Adriana Barrera followed in the footsteps of her older sister.
Barrera first began playing volleyball when she was 8-years-old. The Lady Bulldog outside hitter’s older sibling became Involved in the sport while in middle school.
“I saw her playing, so I was like I want to play too,” said Barrera, a junior who’s DeSoto County’s team captain.
Her older sister, Kirsten Barrera, played two years in middle school, and four years for the Lady Bulldogs.
“I’ve always looked up to her,” said Adriana. “She encouraged me to keep playing volleyball.”
The diminutive dynamo may only be five-foot four-inches tall, but makes up for her lack of height with her speed, getting to balls that many of the taller players aren’t able to get to.
“I do work a lot on my legs and core, so I can jump a lot higher,” said Barrera, who also plays for a travel team in Fort Myers. “Since we are a short team, I have to Play outside. So I do a lot of deadlifts and leg workouts.We do weightlifting over the summer.”
Barrera plays two positions for DeSoto County, setter when she’s in the back row, and when she’s in the front row, she’s an outside hitter.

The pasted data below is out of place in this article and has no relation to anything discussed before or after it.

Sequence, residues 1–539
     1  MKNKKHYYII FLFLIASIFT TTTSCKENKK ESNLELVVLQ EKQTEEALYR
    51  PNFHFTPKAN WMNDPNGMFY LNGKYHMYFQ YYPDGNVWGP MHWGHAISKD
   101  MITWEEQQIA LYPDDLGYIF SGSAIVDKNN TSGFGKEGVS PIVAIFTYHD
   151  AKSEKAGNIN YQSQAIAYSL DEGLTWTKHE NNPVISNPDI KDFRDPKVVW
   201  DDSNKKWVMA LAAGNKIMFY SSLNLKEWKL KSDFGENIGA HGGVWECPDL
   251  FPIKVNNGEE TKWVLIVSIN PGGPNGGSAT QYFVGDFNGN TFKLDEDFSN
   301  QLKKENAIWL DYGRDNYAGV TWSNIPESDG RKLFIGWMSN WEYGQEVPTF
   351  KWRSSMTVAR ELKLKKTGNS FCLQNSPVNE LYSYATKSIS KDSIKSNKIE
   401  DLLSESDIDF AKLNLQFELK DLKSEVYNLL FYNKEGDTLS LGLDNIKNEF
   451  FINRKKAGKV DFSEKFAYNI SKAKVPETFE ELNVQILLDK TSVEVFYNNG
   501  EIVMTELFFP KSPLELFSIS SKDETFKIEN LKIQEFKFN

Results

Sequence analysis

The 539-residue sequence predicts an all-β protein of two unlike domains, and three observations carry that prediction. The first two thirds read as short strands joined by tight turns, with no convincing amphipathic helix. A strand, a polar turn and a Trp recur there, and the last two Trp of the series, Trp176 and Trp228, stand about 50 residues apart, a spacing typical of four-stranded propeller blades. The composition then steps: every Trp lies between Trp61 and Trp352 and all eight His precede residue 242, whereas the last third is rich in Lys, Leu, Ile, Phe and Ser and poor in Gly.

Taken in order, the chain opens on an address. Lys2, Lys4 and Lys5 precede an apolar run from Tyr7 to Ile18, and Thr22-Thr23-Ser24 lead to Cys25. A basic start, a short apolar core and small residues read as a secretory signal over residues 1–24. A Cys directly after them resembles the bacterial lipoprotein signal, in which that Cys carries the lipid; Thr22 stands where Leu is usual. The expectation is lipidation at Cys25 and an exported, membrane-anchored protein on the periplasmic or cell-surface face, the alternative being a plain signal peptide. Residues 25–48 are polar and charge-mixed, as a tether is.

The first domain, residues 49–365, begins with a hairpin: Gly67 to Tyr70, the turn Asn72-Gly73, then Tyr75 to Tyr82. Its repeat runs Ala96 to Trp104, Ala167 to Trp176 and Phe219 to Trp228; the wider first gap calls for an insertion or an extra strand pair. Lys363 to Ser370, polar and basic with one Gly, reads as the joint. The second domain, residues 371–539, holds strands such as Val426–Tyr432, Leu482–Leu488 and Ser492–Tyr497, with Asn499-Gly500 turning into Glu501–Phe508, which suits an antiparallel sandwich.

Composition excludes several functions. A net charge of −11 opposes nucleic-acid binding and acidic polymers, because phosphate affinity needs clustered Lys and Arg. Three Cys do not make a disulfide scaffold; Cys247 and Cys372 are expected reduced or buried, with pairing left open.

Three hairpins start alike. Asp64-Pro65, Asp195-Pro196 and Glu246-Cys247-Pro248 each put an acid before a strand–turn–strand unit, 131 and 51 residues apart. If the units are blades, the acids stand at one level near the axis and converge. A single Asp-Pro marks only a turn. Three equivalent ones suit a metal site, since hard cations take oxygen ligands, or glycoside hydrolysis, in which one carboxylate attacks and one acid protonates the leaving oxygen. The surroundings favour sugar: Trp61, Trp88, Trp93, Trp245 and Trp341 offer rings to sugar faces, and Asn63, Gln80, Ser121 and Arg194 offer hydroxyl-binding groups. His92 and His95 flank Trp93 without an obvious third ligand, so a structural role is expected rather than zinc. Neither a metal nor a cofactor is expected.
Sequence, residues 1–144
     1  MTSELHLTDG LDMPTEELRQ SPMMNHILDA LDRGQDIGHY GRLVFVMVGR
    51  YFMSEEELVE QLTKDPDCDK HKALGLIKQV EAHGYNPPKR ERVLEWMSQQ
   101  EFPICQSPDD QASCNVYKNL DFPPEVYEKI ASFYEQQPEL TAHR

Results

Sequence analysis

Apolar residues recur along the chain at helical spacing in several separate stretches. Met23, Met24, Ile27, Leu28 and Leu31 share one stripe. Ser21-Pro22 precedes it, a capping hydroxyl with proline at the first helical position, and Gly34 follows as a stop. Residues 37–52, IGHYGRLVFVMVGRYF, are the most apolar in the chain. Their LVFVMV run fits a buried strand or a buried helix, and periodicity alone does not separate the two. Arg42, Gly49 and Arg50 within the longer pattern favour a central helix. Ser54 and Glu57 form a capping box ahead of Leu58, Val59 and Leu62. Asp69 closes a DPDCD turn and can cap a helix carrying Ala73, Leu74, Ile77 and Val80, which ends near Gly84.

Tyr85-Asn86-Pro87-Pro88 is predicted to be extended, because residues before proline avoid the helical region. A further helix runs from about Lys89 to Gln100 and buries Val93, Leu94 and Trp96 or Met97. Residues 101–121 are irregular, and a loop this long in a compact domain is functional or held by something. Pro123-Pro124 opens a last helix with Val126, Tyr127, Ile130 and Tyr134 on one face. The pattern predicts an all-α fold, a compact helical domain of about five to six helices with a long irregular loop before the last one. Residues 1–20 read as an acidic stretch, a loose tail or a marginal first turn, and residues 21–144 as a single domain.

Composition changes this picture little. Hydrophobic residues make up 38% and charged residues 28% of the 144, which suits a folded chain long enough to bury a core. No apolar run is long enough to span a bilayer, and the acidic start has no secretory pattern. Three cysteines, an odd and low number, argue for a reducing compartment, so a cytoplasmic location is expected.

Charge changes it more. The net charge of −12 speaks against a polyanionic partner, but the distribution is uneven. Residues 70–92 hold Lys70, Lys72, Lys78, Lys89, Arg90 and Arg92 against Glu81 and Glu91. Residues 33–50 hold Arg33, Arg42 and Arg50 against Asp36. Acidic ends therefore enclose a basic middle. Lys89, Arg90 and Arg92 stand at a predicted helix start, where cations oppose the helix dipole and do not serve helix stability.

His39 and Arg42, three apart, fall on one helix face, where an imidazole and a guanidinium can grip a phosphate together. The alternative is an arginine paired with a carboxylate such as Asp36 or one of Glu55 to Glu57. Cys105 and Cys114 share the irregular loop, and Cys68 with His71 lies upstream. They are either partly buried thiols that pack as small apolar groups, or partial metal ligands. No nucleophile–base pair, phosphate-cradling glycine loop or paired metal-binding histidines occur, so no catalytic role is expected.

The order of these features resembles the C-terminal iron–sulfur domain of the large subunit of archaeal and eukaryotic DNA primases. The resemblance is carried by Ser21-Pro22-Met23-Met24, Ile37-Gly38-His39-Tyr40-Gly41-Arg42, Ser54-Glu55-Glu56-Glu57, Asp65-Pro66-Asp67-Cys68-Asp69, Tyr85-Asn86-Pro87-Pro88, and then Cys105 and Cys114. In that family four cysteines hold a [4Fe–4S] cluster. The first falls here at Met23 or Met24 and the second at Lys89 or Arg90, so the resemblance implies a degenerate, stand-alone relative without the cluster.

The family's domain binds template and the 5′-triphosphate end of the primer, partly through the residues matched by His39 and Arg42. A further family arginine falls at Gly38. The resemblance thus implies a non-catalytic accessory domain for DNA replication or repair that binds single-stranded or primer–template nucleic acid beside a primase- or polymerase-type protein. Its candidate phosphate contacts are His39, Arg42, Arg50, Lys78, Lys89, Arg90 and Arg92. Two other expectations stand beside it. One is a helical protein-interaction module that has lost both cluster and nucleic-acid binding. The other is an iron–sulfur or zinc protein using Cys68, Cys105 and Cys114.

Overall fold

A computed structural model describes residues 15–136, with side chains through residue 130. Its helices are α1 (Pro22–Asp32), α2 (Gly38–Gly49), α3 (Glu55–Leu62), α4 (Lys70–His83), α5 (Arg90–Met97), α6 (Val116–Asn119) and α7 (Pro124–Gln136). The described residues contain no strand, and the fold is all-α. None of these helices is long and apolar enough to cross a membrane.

Each role has its responsibilities, as a setter knowing where each player wants to hit and where their place is. The setter is also in control of the plays, and must be vigilant in their approach when looking at the opposition on the other side of the net, positioning players to get the best results, said Barrera.
And because of her diminutive stature, Barrera often has to play larger than her size when on the front row.
Eye coordination also plays a key role, said Barrera.
“It lets me look at the blockers, it also lets me see where the passers are, so I can adjust my arm swing to a hole,” said Barrera.
Greater gravitas has fallen on Barrera’s shoulders, and as the captain, she helps her teammates remain positive and focused during play.
“Once you walk into this gym, it’s all of us together as a team,” said Barrera. “We encourage each other to play better.”
Communication is a critical component, said Barrera.
“If you’re out there, and no one knows what they’re doing, you’re losing the game,” said Barrera. “When we get down, I like to say, ‘Hey Ladies, keep up the energy. Let’s push through this.’’